container design tips
AIM HIGH — The first type of plant that you’ll need is a spike. A “spike” could be an actual spike plant (these plants are found in the Cordyline or Dracaena families and are often just labeled “spike”), but it could also be any plant that adds height to your container. In the photo at right, that’s the snake plant. Ornamental grasses, New Zealand flax and tall snapdragons also make great spikes. A spike often functions as a focal point or attention-grabber, but it doesn’t have to. It can also provide a backdrop for a lovely filler.
As you build your container, play around with the position of the spike, as you see in the illustrations. Place it either in the center, with the other plants forming a ring around it, or toward the back of the pot, where it creates a sort of backdrop. For a twist, place the spike off to one side, and let fillers take over the other side.
MIDDLE MAGIC — Fillers are shorter than the spike and taller than the trailers and are vital to the container’s success. Fillers can play any role you’d like: Supporting actor to the star spike, or show-stopping diva. For a supporting role, make sure you choose fillers that have colors that complement the spike and foliage or flowers that don’t compete with it. If you want the diva, then look for lush, bold flowers like the yellow begonias in the photo, or brightly colored or variegated foliage. The most successful fillers have mounding or bushy habits, like lantana or impatiens. You can also look for spiky plants that stay small, like grape hyacinths, blue fescue or short snapdragons.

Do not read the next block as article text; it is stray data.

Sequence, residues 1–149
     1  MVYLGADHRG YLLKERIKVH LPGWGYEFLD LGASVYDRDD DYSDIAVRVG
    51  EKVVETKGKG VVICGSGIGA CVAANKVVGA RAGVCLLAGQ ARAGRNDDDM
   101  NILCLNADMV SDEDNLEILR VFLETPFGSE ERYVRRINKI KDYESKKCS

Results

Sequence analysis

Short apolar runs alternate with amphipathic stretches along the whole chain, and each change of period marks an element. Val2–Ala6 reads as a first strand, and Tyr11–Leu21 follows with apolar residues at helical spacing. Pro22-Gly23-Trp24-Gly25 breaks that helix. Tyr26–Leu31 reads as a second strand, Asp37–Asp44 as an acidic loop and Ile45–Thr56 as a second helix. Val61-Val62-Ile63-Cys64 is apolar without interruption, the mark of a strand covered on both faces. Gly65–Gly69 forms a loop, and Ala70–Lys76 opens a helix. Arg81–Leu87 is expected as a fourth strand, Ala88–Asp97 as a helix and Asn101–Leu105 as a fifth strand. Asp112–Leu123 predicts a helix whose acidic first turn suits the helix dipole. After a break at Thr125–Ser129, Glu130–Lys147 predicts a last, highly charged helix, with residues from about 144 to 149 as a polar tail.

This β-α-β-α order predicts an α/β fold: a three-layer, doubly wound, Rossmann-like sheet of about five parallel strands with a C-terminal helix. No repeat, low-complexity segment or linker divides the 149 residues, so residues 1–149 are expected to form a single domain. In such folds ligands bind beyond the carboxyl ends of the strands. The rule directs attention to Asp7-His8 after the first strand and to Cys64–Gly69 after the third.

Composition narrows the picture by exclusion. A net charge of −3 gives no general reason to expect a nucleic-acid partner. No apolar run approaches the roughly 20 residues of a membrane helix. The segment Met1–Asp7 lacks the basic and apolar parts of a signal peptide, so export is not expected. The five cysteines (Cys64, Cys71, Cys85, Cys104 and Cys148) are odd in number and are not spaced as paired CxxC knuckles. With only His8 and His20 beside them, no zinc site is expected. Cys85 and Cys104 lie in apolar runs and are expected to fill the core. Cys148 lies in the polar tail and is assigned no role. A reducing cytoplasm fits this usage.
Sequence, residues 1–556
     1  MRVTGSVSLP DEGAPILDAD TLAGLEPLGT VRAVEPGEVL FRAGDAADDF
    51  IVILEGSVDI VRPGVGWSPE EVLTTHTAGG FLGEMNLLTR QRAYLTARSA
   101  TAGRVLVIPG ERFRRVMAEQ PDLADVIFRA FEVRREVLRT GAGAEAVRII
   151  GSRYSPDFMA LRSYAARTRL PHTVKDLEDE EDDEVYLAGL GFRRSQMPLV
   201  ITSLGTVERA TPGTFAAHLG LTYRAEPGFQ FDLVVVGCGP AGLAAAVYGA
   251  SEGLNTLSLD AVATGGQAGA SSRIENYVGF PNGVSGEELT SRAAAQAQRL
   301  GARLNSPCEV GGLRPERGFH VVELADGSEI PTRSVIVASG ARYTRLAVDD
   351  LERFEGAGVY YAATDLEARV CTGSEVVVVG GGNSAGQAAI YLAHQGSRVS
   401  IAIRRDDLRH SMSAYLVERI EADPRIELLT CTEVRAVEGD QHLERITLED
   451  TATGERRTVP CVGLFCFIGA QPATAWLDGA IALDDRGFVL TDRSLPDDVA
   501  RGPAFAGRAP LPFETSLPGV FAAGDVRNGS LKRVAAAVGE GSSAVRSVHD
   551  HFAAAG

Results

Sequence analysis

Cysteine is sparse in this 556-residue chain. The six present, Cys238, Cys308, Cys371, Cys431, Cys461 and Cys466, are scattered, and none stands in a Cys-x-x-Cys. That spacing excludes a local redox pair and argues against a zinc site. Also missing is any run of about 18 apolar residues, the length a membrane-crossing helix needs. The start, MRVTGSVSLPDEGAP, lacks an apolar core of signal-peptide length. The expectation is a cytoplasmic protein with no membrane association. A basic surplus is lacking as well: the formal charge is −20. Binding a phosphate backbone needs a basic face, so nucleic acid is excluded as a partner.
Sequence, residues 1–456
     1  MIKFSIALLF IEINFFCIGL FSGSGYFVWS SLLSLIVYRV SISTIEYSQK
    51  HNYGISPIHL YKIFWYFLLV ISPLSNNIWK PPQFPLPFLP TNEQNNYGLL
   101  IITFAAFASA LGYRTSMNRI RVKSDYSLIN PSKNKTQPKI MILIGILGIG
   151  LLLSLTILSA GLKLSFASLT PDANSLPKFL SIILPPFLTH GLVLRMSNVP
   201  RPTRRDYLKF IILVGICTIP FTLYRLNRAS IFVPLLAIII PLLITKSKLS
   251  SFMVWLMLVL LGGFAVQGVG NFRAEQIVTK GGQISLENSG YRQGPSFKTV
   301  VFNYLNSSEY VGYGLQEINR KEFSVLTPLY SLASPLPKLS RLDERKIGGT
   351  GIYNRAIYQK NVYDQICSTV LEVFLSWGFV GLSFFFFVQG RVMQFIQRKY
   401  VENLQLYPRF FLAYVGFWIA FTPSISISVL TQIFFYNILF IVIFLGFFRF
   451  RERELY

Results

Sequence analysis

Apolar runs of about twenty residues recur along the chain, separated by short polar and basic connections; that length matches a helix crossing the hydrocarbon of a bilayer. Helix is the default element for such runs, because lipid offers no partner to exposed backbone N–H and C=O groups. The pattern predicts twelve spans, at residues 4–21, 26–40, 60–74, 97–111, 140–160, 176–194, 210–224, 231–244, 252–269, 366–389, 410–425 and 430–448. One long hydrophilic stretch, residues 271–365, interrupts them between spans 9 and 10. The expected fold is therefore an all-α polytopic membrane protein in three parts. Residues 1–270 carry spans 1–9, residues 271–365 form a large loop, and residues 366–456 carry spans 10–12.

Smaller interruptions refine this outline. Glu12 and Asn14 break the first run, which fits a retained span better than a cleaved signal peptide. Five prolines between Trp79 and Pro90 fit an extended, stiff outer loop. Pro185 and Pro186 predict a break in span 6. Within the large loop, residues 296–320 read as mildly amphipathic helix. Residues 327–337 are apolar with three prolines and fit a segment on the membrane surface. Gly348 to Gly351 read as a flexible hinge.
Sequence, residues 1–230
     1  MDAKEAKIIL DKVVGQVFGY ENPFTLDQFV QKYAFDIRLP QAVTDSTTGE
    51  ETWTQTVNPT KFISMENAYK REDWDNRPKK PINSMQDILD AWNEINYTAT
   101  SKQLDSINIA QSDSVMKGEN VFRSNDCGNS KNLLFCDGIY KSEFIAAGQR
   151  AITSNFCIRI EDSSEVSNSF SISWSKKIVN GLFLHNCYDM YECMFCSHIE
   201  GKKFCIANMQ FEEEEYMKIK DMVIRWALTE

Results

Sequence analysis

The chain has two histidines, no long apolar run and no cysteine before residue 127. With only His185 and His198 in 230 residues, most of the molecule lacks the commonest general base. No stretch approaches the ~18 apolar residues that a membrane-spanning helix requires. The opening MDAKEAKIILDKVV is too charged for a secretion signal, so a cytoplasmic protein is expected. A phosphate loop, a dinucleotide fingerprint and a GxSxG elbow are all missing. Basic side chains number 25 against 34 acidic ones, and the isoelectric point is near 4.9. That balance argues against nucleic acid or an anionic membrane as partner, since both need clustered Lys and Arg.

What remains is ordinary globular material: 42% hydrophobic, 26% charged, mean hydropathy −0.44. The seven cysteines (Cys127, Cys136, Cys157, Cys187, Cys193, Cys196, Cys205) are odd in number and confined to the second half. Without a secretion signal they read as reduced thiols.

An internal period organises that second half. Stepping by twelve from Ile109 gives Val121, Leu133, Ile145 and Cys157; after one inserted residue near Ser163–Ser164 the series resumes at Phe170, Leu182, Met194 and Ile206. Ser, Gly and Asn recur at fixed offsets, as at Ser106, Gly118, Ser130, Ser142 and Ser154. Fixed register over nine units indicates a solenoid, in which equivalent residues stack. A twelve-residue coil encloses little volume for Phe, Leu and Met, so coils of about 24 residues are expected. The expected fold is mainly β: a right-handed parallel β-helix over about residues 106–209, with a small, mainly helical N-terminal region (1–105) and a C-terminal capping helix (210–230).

THE TRAILERS — Last, but certainly not least, are the trailers. These low-growers spill over the edge of the container and run along the sides, like the English ivy in the photo does. They help create a visual bridge between your pot and the rest of the planting.
With trailers, aim to keep it simple. Choose just one or two types of plants for the most impact. Plant the trailers right at the edge of your container. They can go all the way around the pot, or just spill over in one or two particular spots. For fuller, bushier plants, like bacopa, don’t be afraid to tilt them toward the rim when you plant them. You’ll get more edge coverage that way, and you’ll see more of the plant. By the middle of summer, don’t worry if you have to cut back or even pull out a trailer that’s taking over the container.
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